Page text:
We’re sheltered in place. That’s a great thing. But we still need to go out occasionally for the essentials that can’t be delivered to our door. That means we need to start wearing masks as one strategy to help stop the spread of COVID-19.
Since masks are in high demand, people are getting creative and making their own masks at home. But not all masks are created equal. Take Dr. Greene’s simple mask safety test to determine if your mask is effective or not.
[00:00:00] Hi. I am Dr. Alan Greene and I want to talk to you for a moment about homemade masks because not all homemade masks are created equal. They can be great, but some of them are far more effective than others. First, there are all kinds of different fabrics; there’s t-shirts, there’s bandanas and scarves and vacuum cleaner bags, and there’s a number of layers of fabric there are, and I want to give you a simple, powerful way to tell if your mask is doing the job you want.
[00:00:27] So, let me back up just a second and tell you how this whole thing works. If you inhale a Coronavirus particles, then they get into the cells in the lining of your lungs and start to reproduce and reproduce more and more and more viruses, increasing exponentially within 12 hours. So that within three days, well before you often have symptoms of any kind at all, every breath you exhale has millions of virus particles in it. And they travel primarily in tiny, tiny water droplets and they’re invisible to you, but there’s a way you can see them. If you blow onto a mirror and fog the mirror, what you see are those water droplets and they’re there every time, even though you don’t see them, and they’re in the air in the cloud, in front of your face.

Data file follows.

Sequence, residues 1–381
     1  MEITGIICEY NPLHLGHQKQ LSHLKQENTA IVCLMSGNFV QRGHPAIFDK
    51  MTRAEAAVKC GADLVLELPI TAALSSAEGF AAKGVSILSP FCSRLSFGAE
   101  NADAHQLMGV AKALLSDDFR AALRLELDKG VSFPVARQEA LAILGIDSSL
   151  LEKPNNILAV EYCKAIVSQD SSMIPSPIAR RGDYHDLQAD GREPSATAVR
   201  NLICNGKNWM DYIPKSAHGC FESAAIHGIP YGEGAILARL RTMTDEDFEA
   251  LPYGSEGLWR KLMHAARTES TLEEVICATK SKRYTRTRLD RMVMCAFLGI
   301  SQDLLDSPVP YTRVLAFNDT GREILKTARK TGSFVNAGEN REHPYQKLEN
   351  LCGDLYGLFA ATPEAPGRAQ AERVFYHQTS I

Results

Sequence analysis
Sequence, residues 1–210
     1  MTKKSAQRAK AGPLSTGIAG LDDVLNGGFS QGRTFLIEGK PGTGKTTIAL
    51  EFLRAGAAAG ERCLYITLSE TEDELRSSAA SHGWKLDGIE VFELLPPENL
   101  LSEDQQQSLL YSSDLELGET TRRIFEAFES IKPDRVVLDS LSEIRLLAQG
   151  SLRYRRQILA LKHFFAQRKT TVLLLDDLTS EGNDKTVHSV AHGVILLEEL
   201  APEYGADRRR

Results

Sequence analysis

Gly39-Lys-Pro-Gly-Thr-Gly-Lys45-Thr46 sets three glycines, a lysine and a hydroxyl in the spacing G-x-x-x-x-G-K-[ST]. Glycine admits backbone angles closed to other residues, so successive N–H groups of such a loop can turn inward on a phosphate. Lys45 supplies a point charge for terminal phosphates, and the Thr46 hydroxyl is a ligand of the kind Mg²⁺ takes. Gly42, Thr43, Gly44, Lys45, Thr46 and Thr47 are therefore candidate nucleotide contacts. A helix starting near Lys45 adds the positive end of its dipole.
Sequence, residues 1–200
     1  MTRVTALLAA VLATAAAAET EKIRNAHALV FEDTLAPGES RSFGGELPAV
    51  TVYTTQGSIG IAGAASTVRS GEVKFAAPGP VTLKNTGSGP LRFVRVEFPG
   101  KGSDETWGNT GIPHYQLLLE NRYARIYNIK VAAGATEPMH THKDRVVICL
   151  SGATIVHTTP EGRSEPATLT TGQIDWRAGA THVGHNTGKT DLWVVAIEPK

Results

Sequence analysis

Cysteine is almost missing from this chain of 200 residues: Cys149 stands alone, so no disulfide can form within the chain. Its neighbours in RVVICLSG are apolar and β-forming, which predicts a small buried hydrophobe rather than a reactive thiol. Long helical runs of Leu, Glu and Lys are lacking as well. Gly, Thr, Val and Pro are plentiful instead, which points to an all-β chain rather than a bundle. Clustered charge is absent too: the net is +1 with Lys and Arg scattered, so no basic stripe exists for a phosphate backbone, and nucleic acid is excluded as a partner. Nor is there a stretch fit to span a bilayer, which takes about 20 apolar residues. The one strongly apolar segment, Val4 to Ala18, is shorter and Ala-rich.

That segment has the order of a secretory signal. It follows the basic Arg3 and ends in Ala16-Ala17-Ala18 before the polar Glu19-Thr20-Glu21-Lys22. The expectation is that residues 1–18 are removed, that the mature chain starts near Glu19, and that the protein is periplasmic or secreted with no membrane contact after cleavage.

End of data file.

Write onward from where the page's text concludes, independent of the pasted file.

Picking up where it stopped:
[00:01:11] If you cough, probably six feet in front, if you’re standing maybe four or five feet in front, if you’re just breathing probably three feet in front, they’re there as an invisible cloud in the air and then settle and they settle onto the ground in front of you, or if you’re standing in front of a kitchen counter or a bathroom counter onto the counter and create a little veneer there.
[00:01:30] Or if you’re in a grocery store on your cart or on the shelf in front of you, and that’s what you want to block. So different kinds of fabrics. It turns out the N95 masks that we use as physicians and other healthcare providers is named N95 because it blocks 95% of the particles going through. A double layer bandana, maybe only an N16.
[00:01:53] So, you want to choose your fabric carefully, something that the droplets don’t get through and here’s how you tell. Very simply hold it in front of your face and try to fog the mirror. If it’s easy to create, get water droplets on the other side, the mask isn’t doing as good a job as you might say. AA or a bandana may only be an N16. It turns out that high thread count, like a high thread count pillowcase, is better, vacuum cleaner bags, in fact, are great. Flannel works really well.
[00:02:21] I tried with a tee shirt and pulled it up the way the online videos say and fogged the mirror easily. Did it with a hand towel and I can’t breathe through it easily but no fogging in the mirror. More comfortable though I found flannel pajamas and just doing like that, I cannot fog a mirror. It’s comfortable on my face and easy to make something out of. So, check your materials and stay safe.